Academic journal article Financial Management

A Contingent Claims Analysis of Trade Credit

Academic journal article Financial Management

A Contingent Claims Analysis of Trade Credit

Article excerpt

Paul D. Adams is an Assistant Professor of Finance, Steve B. Wyatt is an Associate Professor of Finance, and Yong H. Kim is a Professor of Finance, all at the University of Cincinnati, Cincinnati, Ohio.

Trade credit involves the exchange of goods for a promised payment in some future period and accounts receivable represent a major proportion of corporate assets. However, little attention has been paid by the academic profession, as compared with other financial decisions, to the valuation of trade credit, i.e., the decision to grant credit and set credit limits. Furthermore, much of the limited literature has examined the credit decision from the perspective of the selling firm, without regard to financial market equilibrium or product market equilibrium.

Since trade credit involves a simultaneous transaction in both financial and product markets, it is important to make clear the assumption we are making about these markets when evaluating trade credit. If we assume that financial markets are competitive and complete, then all financial transactions are zero NPV in equilibrium, including the decision to grant trade credit. Firms cannot earn economic rents from simply granting trade credit.

With competitive and complete capital markets, the problem facing the firm that decides to offer trade credit is to grant credit to all firms whose discounted risky promise (DRP) is equal to (or greater than) the marginal cost (C) of goods sold on credit. If we further assume that the industry of the credit-granting firms is also perfectly competitive, then in equilibrium, the cash price for each firm's product equals the marginal cost of production. Since the cash price (|P.sup.*~) of goods is also equal to C, as in any competitive market, DRP = C = |P.sup.*~ in equilibrium. With competitive capital markets and competitive product markets, firm's product sales and trade credit extensions are zero NPV transactions.

If the product market is not perfectly competitive, then the product's cash price will be above marginal cost. Hence, firms can earn economic rents in the product market. For example, in the monopoly case, the optimal price |P.sup.*~ is greater than the marginal cost from a sale, hence |P.sup.*~ |is greater than~ C. Therefore, it is possible for the NPV of the credit sale to be positive when compared to C, just as the NPV of a cash sale would be positive as compared to C. This, however, does not imply that the NPV of the credit decision (the granting of credit) is a positive NPV decision because the marginal cost of a sale is not the correct comparison variable for determining the NPV of a credit decision. For the NPV of a credit decision to be positive, the seller must be in a position to earn economic rents from credit extension. The firm offering trade credit should not accept a credit sale over a cash sale unless the present value of the promised payment is at least as great as the cash sale |P.sup.*~ (i.e., DRP |is greater than or equal to~ |P.sup.*~). In this paper, we assume that the firm has some market power in the product market, but no market power in financial markets. This market power may be exploited in setting cash sale terms and credit sale terms that result in price discrimination. If this is the case, buyers may not be indifferent to cash versus credit purchases. If a credit policy can be used as such a tool, then granting credit may appear to be a positive NPV decision as compared to the cash price. Because antitrust considerations preclude outright price discrimination, the credit price performs this function. The correct comparison price for determining the NPV of the credit sale is not the current cash price, but the cash price that would be charged if price discrimination were allowed. Relative to this price, the NPV of the credit-granting decision must be zero. In this paper, we will take the optimal pricing decision as given.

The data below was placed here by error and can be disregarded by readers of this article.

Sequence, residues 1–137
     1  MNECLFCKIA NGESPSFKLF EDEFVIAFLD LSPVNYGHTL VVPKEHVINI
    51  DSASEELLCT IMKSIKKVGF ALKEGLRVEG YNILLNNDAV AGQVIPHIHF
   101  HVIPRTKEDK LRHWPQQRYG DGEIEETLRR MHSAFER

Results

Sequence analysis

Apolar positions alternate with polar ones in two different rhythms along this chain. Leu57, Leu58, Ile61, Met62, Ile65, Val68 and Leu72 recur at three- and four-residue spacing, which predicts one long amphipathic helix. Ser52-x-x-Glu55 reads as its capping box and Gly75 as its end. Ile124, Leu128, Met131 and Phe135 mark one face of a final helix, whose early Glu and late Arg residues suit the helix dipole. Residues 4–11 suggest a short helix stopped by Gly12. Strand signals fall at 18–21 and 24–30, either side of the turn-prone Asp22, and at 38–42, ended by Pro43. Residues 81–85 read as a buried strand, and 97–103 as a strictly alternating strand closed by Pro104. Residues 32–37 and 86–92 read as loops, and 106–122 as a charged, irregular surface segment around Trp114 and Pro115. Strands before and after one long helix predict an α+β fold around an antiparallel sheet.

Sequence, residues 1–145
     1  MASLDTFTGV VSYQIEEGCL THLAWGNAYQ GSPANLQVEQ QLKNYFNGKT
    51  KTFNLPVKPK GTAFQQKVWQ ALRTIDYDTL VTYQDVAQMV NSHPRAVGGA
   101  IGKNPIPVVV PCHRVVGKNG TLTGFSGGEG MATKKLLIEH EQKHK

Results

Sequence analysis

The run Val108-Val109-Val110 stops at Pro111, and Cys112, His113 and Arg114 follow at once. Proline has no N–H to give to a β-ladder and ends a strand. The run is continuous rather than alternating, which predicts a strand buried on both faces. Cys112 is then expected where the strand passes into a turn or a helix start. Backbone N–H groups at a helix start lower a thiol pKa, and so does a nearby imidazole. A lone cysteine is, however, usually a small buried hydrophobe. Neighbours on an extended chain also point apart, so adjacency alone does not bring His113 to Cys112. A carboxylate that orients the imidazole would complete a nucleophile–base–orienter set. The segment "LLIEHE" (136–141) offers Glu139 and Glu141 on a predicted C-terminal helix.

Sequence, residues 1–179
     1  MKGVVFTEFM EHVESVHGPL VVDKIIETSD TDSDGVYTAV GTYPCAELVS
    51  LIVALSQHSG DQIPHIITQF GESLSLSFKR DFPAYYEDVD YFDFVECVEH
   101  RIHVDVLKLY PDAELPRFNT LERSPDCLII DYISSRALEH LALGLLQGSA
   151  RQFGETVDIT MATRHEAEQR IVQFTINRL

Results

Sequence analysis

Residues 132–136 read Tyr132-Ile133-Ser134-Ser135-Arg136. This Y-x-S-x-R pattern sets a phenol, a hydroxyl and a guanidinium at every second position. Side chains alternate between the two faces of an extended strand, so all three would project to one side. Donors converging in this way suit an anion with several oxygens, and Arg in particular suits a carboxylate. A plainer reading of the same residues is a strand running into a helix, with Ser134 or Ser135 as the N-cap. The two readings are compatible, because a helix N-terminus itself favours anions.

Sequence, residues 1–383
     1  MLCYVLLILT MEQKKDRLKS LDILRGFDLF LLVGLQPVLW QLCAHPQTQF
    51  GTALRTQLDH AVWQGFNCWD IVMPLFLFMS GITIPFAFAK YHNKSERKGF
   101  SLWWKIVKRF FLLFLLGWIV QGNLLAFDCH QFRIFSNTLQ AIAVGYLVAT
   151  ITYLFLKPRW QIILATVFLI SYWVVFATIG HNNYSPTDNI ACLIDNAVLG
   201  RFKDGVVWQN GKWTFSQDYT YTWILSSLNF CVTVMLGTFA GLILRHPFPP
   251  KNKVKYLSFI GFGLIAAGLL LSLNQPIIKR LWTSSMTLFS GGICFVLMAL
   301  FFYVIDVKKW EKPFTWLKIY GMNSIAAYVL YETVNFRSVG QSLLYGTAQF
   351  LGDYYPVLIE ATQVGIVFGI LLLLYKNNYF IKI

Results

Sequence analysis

The paper is organized as follows. Section I provides a brief review of the trade credit limit literature and motivates the current study. …

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